The right to life from conception, protection of the identity of marriage or parents’ right to raise their children in conformity with their own convictions may be at risk if the European Commission’s proposals enter into force. The EC announced the third “Action Plan on Human Rights and Democracy for 2020–2024”. At the same time, it proposed that the European Council adopt it under the procedure of the European Union’s strategic objectives and interests. On this basis, the Council of the European Union will be allowed to take positions and implement actions and projects which are contrary to the values protected by the Constitution of the Republic of Poland by a qualified majority instead of adopting them unanimously. The Ordo Iuris Institute has prepared a memorandum on this matter.
The “EU Action Plan on Human Rights and Democracy for 2020–2024” presented by the European Commission and the High Representative for Foreign Affairs and Security Policy is of strategic importance for the European Union’s external actions. Radical activists again make unlawful use of the requirement for protecting human rights to push forward ideological concepts. The Plan includes controversial ideas connected with gender ideology and so-called sexual and reproductive health and rights, the use of which, in the international discourse, the Member States have never expressed their common consent.
In order to combat so-called gender-based violence, the European Commission plans to intensify measures aimed at adopting and implementing the controversial Istanbul Convention. This document assumes that “violence against women is a manifestation of historically unequal power relations between women and men, which have led to domination over, and discrimination against, women by men”.
References included in the document to the concept of “sexual and reproductive health and rights” (SRHR) also raise doubts. Importantly, the concept of reproductive rights has been arousing numerous controversies from the very beginning, and radical circles still make use of these rights to widely promote abortion and vulgar sex education. Furthermore, as early as at the International Conference on Population and Development (ICPD) in Cairo (1994), during which this term was officially included in the international discourse, states intentionally did not agree to the creation of a separate category of “sexual rights” due to the ideological character of this term. This position is also maintained today, as exemplified by meetings concerning the Sustainable Development Objectives adopted in 2015. For these reasons, the use of the “reproductive and sexual rights” term by the Commission is completely unauthorised.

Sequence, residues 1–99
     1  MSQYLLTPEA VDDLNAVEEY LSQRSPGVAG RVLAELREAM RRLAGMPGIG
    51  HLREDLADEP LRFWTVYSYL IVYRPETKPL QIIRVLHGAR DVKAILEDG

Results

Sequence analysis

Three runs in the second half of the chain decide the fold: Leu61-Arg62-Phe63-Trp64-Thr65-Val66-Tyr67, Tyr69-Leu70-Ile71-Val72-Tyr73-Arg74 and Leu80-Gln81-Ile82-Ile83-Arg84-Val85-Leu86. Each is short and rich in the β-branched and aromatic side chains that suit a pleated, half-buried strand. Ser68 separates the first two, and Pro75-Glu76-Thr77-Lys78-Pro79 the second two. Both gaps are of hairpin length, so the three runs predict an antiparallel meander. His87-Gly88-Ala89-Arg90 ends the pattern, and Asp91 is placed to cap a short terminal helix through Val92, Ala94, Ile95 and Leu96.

Past experience proves that at the UN, the European Union took positions from which some states — including Poland and Hungary — broke away. The divergent positions of Poland and Hungary expressed during the controversial Nairobi Summit and debates on the adoption of Universal Health Coveragewere covered extensively in the media. Both events concerned issues included in the “Action Plan”, such as sex education and reproductive rights. Given the plans communicated by the UN, concerning for example changes in the interpretation of the provisions of the Beijing Platform for Action regarding women’s rights, we have no doubt that there will be even more attempts to formulate similar arrangements.
“It is worth noting that the adoption by the European Commission of the EU strategic objectives in the Action Plan on Human Rights and Democracy means that the Council of the European Union will be allowed to take positions contrary to the Polish constitutional order under the simplified procedure of a qualified majority — instead of adopting them unanimously — and to present them internationally”, commented Magdalena Olek, the Deputy Director of the Centre for International Law of Ordo Iuris.
The UN Human Rights Council has drafted a resolution to eliminate discrimination against women and girls in sport.
The Court of Appeals in Warsaw dismissed the application for the release of three siblings to Germany. Earlier, by order of the court of first instance, five children and their mother were to be separated. Thanks to the intervention of lawyers from the Ordo Iuris Institute, the family can stay together. It is believed that one of the girls was sexually abused by her grandfather on her father’s side in Germany.
Today’s judgement of the Polish Constitutional Court, which states that the so-called ‘eugenic premise’ for the admissibility of abortion is incompatible with the Polish Constitution, is a real improvement in the standard of life protection in Poland and equates the rights of healthy and disabled children.
Another initiative has been organised in Europe with the view to globally force the concept of “reproductive and sexual rights”. In addition to radical organisations, including the International Planned Parenthood Federation (IPPF), 15 European countries got involved in the Countdown 2030 Europe project. The aim of the initiative is to enhance access to abortion and vulgar sexual education. Although this initiative was not created by all the EU Member States, the Commissioner for Equality, Helena Dalli, has recently declared her support of the initiative.